Orrm wrote his translation early into the Middle English period and it is said to be fairly difficult to read. Like his Old English predecessor, Elfric, an Abbot of Eynsham, Orrm includes very little Biblical text, and focuses more on his personal commentary. This style was adopted by many of the original English translators. For example, in Orrm's translation, the story of the Wedding at Cana is almost 800 lines long, but less than 40 lines are the actual translation of the text. What is unique about Orrm's translation, however, is that instead of writing in prose form, he attempted to mimic the Latin verse-form. In this way, ironically, his work which sometimes borders on the ridiculous, is actually similar to the better-known and appreciated 14th century English poem, Cursor Mundi.

Richard Rolle's Translation

Richard Rolle is very similar to his predecessors in that he provides a great deal of personal commentary in addition to the translation of the text. A particular characteristic of Rolle, however, is that he deviates very little from the Latin in his translation, resulting in a slightly awkward literal translation and a more fluent commentary. Interestingly enough, his reference for his commentary was Peter Lombard.

Wyclif's Translation

Wyclif's Bible was extremely influential and actually came out in two different versions. Specific information on this translation can be found in the earlier link.

Tyndale's Translation

The Tyndale Bible differs from the others since Tyndale used the Greek and Hebrew translations of the New and Old Testaments in addition to Jerome’s Latin translation. Greek and Hebrew are slightly closer to English than Latin, and thus, Tyndale’s translation is one of the more accessible versions in its English phrasing. There is an ongoing debate over how much Tyndale used Wyclif for his translation, which does not have any definite answers presently, but could mean a more fluid continuity in the historical evolution of the English Bible if Tyndale was in fact influenced by his predecessor. Tyndale is also unique in that he was the first of the Middle English translators to use the printing press to help distribute several thousand copies of the his translation throughout England.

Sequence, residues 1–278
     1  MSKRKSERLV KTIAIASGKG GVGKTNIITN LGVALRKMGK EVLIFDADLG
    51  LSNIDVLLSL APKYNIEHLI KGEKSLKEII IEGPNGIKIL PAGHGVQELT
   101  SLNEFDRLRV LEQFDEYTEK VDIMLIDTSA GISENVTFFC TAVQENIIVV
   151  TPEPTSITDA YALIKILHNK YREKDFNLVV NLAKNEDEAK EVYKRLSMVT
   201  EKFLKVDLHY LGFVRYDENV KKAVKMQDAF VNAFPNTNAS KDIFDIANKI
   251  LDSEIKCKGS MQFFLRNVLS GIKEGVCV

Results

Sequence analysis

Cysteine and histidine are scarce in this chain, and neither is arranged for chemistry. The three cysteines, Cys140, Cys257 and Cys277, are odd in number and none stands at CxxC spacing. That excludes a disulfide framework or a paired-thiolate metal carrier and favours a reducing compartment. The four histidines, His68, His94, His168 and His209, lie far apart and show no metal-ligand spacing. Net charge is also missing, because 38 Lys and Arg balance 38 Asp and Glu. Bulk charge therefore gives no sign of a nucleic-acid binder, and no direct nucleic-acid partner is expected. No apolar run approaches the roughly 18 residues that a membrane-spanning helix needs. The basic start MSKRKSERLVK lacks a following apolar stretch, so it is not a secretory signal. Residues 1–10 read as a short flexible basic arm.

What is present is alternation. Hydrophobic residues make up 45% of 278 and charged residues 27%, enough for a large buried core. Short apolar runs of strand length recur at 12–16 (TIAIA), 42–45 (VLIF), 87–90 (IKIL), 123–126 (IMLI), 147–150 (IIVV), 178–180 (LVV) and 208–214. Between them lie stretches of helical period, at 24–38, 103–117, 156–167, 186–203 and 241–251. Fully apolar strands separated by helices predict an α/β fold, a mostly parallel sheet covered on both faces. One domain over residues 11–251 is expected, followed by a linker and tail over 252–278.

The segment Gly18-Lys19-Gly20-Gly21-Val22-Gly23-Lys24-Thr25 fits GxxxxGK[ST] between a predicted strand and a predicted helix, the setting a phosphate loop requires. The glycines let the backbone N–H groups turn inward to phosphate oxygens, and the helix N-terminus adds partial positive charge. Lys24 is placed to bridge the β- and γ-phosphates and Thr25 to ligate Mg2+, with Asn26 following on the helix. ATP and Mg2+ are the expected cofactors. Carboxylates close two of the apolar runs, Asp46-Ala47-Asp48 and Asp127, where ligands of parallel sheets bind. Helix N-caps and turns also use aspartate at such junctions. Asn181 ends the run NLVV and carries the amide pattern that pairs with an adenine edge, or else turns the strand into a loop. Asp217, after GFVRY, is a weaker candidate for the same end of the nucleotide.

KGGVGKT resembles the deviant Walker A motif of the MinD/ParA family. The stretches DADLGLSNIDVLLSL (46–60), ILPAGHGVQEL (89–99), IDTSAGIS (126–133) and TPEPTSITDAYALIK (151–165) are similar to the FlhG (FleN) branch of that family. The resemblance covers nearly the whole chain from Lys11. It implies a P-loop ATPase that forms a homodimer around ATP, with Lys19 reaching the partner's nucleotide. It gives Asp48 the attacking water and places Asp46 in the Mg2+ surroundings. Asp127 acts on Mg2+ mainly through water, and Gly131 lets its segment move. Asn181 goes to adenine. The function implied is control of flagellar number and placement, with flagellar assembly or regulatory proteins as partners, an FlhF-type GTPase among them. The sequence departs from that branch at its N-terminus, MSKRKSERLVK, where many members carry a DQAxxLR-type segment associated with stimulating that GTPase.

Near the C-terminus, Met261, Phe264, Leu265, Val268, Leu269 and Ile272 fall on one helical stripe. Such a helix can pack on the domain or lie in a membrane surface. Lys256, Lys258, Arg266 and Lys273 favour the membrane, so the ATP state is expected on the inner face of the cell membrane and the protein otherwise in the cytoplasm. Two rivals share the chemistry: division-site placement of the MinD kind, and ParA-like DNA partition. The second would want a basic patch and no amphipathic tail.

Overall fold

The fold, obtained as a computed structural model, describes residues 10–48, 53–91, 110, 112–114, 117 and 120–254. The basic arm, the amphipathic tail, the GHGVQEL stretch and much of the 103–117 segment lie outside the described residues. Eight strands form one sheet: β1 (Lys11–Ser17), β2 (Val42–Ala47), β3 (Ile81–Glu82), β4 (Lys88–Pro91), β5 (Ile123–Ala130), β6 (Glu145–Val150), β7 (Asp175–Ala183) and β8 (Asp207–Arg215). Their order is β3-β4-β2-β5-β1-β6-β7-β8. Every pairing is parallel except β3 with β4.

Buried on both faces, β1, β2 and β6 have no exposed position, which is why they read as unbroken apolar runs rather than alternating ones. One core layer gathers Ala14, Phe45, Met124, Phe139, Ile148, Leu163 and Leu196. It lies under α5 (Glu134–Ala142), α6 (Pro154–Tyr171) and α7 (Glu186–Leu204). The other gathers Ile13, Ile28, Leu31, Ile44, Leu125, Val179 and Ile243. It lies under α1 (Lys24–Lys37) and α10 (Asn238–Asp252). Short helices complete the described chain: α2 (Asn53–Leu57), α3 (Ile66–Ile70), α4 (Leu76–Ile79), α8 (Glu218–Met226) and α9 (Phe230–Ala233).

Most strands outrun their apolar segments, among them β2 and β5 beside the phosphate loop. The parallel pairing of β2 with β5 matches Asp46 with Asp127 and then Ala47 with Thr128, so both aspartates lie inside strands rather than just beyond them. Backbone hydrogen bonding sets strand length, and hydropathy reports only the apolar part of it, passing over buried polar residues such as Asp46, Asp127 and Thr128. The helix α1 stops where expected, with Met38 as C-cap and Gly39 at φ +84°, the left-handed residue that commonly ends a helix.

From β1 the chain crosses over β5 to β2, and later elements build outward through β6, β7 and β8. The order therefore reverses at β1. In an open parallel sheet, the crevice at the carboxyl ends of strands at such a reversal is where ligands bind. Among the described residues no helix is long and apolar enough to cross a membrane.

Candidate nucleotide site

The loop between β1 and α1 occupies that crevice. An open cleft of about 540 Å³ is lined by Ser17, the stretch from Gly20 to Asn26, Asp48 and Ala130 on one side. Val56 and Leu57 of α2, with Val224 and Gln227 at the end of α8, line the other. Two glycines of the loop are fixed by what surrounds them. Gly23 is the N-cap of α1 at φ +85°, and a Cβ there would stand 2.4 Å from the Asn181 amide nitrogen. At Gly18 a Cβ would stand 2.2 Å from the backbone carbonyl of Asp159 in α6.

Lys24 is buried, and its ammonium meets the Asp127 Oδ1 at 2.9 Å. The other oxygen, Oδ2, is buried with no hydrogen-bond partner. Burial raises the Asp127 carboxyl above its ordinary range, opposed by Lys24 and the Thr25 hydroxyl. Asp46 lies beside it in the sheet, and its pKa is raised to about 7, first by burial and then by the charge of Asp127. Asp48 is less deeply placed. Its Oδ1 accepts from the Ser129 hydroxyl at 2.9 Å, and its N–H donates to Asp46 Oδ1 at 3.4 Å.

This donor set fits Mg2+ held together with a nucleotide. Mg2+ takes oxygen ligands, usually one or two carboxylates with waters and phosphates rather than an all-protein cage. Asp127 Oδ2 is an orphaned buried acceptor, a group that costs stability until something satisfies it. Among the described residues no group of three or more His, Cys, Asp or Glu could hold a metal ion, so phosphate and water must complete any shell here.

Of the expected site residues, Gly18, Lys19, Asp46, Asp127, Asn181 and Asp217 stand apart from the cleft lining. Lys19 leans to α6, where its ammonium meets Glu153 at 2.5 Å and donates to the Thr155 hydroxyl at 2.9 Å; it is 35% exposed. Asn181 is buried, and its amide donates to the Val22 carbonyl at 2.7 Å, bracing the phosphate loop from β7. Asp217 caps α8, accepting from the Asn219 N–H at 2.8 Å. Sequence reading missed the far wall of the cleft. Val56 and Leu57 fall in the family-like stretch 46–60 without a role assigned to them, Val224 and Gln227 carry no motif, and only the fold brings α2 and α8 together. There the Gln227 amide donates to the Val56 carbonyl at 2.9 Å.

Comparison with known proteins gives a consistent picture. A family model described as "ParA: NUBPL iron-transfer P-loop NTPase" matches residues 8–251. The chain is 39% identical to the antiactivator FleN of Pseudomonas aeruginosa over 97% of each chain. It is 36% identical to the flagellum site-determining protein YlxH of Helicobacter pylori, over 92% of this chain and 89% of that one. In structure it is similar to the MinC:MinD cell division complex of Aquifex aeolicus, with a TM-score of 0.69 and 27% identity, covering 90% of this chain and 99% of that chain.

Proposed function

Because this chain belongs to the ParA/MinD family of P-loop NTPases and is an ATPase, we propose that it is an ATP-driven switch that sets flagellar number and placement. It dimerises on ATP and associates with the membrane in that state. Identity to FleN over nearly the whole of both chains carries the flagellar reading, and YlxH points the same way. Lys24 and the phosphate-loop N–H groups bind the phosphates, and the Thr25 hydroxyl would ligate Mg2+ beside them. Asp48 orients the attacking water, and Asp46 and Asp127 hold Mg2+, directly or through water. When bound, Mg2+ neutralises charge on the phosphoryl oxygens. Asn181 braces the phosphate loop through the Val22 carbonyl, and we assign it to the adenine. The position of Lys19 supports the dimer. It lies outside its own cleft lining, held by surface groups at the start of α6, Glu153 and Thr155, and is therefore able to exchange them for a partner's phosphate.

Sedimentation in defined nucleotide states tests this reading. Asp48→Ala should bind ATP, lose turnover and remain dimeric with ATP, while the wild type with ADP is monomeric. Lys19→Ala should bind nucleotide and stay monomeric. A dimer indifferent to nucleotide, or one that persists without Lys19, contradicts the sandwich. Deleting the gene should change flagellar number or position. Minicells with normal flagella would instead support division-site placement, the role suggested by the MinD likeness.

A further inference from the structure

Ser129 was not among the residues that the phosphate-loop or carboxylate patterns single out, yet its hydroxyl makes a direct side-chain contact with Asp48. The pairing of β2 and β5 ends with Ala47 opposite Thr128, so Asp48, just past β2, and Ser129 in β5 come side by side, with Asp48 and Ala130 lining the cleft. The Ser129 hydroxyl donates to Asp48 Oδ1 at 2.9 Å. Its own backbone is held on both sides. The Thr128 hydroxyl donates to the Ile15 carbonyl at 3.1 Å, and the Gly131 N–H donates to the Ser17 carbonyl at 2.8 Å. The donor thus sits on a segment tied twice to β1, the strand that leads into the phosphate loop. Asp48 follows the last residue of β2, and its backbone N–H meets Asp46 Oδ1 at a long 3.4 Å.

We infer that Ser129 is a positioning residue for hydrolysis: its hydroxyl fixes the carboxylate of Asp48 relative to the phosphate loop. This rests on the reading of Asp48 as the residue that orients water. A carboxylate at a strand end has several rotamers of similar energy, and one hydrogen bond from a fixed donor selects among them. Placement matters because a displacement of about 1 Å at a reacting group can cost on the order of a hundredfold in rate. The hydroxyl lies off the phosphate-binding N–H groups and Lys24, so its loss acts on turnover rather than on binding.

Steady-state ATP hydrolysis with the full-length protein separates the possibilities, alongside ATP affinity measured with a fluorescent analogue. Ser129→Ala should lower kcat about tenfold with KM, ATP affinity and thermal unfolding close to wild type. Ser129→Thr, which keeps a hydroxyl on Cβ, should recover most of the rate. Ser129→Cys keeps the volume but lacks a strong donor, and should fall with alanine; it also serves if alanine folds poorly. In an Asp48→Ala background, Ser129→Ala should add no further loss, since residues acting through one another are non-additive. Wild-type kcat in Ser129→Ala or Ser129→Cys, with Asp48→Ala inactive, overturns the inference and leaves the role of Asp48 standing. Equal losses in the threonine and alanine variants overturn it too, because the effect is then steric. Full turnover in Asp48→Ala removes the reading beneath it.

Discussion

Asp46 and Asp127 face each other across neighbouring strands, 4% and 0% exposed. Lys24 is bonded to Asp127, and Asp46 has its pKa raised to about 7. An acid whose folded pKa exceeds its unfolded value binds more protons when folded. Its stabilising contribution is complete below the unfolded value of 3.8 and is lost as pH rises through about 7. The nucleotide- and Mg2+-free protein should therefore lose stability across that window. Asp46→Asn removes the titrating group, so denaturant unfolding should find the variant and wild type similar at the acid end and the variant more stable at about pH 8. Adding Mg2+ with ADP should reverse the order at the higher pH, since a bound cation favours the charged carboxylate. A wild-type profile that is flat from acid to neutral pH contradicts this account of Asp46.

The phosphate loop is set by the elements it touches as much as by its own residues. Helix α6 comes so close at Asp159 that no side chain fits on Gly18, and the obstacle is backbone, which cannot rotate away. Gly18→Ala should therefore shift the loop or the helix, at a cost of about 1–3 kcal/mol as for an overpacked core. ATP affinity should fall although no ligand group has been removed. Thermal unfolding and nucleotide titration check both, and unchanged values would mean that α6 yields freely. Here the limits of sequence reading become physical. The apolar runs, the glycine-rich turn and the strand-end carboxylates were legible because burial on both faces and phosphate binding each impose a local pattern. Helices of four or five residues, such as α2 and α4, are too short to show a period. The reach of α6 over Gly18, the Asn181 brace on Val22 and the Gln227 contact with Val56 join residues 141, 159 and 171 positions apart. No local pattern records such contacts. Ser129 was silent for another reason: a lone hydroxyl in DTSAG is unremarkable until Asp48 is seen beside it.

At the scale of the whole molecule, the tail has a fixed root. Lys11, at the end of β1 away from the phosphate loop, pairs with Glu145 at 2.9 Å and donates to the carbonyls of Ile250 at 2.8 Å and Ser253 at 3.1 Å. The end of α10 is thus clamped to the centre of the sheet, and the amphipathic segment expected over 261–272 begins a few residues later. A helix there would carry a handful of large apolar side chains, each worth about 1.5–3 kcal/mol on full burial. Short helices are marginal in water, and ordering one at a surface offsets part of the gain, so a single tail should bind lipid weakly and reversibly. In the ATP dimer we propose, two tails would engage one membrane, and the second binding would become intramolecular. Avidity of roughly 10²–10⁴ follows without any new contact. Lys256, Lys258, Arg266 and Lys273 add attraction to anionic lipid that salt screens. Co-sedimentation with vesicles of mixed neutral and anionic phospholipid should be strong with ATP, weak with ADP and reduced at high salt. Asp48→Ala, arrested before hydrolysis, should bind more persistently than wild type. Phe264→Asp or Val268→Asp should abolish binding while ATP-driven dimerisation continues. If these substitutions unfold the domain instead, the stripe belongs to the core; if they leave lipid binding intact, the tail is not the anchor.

Early Modern English translations

Main article: Early Modern English Bible translations

Early Modern English Bible translations are those translations of the Bible which were made between about 1500 and 1800, the period of Early Modern English. This was the first major period of Bible translation into the English language. It began with the dramatic introduction of the Tyndale Bible and included the landmark King James Version (1611) and Douai Bibles. It included the first "authorised version", known as the Great Bible (1539); the Geneva Bible (1560), notable for being the first Bible divided into verses, and the Bishop's Bible (1568), which was an attempt by Elizabeth I to create a new authorised version.

Modern translations

Main articles: Modern English Bible translations and Jewish English Bible translations

Much like early English Bibles, which were based on Greek texts or Latin translations, modern English translations of the Bible are based on the best-available original texts of the time. The translators put much scholarly effort into cross-checking the various sources such as the Pentateuch, Septuagint, Textus Receptus, and Masoretic Text. Relatively recent discoveries such as the Dead Sea scrolls provide additional reference information. There is some controversy over which texts should be used as a basis for translation, as some of the alternate sources do not include verses which are found in the Textus Receptus. Some say the alternate sources were poorly representative of the texts used in their time, whereas others claim the Textus Receptus includes passages that were added to the alternate texts improperly. These controversial passages are generally not the basis for disputed issues of doctrine, but tend to be additional stories or snippets of phrases. The majority of modern English translations, such as the New International Version, contain extensive text notes indicating where differences occur in original sources.